Veracyte, Inc., a molecular diagnostics company in the field of molecular cytology, today announced the completion of the final tranche of its $28 million Series C financing. The financing included GE Ventures as a new investor, as well as existing investors Domain Associates, Kleiner Perkins Caufield & Byers, TPG Biotech, and Versant Ventures. All previous investors participated in the round.
Proceeds from the financing will support the commercial expansion of the company's first product, the Afirma® Thyroid FNA Analysis, which utilizes a gene expression test to help reduce unnecessary surgeries as part of thyroid cancer diagnosis, and investment in the company's product pipeline.
"We are pleased to have the support of GE Ventures, as well as of our current investors," said Bonnie Anderson, Veracyte's co-founder and chief executive officer. "This funding will help Veracyte expand availability of our Afirma Thyroid FNA Analysis to help more patients with inconclusive thyroid nodule fine needle aspiration (FNA) biopsy results potentially avoid unnecessary thyroid surgery. This additional capital will also support our investment in research and development of new products similarly designed to help patients avoid unnecessary invasive procedures, while reducing healthcare costs."
Veracyte's Afirma Thyroid FNA Analysis combines specialist cytopathology assessment of thyroid nodule FNA samples with the company's Afirma Gene Expression Classifier, a genomic test used to clarify inconclusive results as benign or suspicious for cancer. The Afirma test is the only molecular test clinically validated in prospective, multicenter, double-blinded trials to meet the criteria of National Comprehensive Cancer Network (NCCN) guidelines for safely monitoring thyroid nodules in lieu of invasive diagnostic surgery. The test is covered for Medicare and other insured patients and is available throughout the U.S. through a global co-promotion partnership with Genzyme, a Sanofi company.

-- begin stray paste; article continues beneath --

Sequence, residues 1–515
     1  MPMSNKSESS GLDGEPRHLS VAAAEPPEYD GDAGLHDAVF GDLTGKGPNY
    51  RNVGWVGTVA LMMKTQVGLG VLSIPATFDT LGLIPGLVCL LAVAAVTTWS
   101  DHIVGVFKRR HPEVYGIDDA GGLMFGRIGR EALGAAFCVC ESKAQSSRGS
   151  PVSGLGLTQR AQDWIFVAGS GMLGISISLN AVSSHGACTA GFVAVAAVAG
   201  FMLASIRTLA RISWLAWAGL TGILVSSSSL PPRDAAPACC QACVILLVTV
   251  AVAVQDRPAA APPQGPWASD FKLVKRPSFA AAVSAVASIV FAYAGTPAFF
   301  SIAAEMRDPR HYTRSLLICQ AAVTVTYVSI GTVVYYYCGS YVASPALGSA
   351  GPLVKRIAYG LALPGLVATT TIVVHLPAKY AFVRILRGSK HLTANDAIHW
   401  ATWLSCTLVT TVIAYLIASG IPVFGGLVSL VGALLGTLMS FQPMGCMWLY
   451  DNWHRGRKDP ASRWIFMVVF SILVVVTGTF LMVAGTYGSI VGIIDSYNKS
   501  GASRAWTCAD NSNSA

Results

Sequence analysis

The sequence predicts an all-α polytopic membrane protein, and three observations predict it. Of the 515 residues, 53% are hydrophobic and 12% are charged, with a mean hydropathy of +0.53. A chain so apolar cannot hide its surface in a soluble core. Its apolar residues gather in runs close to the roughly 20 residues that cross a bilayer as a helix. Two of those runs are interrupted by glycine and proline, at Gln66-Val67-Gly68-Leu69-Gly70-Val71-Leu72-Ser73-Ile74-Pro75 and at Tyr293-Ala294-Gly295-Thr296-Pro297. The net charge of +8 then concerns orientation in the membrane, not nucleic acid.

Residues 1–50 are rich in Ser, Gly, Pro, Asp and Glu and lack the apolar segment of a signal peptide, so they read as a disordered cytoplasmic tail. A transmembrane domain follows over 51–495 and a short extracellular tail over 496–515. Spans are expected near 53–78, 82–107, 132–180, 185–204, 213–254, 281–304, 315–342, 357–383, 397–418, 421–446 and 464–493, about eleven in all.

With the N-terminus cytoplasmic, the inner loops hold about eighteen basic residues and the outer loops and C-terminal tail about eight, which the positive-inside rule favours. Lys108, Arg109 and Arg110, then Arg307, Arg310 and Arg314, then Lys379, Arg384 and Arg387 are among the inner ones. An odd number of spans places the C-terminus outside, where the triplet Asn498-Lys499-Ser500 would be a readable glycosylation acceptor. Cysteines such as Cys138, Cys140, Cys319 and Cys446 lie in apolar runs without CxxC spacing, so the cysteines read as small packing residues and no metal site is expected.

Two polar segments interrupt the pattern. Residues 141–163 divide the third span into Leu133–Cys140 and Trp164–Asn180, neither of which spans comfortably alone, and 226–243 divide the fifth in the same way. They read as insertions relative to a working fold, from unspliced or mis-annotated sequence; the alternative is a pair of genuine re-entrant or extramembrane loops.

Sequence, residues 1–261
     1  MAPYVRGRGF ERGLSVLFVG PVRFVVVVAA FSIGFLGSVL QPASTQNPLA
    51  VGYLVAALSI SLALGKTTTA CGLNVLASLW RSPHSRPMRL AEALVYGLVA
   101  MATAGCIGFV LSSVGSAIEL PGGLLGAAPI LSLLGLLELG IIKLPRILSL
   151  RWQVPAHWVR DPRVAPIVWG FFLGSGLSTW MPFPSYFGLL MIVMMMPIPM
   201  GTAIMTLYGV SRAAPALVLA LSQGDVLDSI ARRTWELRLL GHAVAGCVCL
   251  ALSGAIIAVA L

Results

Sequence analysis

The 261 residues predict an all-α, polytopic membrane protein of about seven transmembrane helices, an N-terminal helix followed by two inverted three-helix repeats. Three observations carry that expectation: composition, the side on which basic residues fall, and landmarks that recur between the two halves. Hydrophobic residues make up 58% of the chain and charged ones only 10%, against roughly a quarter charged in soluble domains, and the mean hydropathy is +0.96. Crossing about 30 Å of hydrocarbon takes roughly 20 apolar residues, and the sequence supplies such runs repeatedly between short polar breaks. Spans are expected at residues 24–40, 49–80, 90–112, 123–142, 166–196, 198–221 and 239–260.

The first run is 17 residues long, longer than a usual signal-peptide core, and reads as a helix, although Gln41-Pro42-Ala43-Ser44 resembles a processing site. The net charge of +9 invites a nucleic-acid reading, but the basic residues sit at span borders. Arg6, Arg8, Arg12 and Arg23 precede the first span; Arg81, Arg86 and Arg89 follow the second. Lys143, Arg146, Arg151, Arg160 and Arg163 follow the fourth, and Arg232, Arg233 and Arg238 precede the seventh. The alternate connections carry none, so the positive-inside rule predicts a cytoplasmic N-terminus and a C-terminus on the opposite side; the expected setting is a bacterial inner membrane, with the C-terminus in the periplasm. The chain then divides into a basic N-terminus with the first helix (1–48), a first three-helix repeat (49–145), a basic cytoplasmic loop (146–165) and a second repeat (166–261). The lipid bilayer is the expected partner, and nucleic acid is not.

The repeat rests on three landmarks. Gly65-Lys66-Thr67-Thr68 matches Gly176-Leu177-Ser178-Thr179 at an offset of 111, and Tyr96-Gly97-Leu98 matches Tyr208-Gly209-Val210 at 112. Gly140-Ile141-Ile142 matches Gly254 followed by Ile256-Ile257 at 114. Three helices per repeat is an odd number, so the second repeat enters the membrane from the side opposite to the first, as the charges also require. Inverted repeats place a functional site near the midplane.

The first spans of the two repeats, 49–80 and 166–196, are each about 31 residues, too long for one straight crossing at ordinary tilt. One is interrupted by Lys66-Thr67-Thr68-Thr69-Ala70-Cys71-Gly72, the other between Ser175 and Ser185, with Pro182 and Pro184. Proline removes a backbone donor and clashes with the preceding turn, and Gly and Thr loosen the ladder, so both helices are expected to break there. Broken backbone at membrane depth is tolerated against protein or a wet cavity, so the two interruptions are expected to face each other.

According to the American Cancer Society, thyroid cancer is the fastest-increasing cancer in the U.S., with over 60,000 new cases expected in 2013. Among the approximately 525,000 FNAs performed on patients with thyroid nodules each year in the U.S., 15-30% of the results are inconclusive in ruling out cancer, and most physicians have traditionally recommended thyroid surgery for final diagnosis. Following surgery, however, 70-80% of these patients' nodules are diagnosed as benign.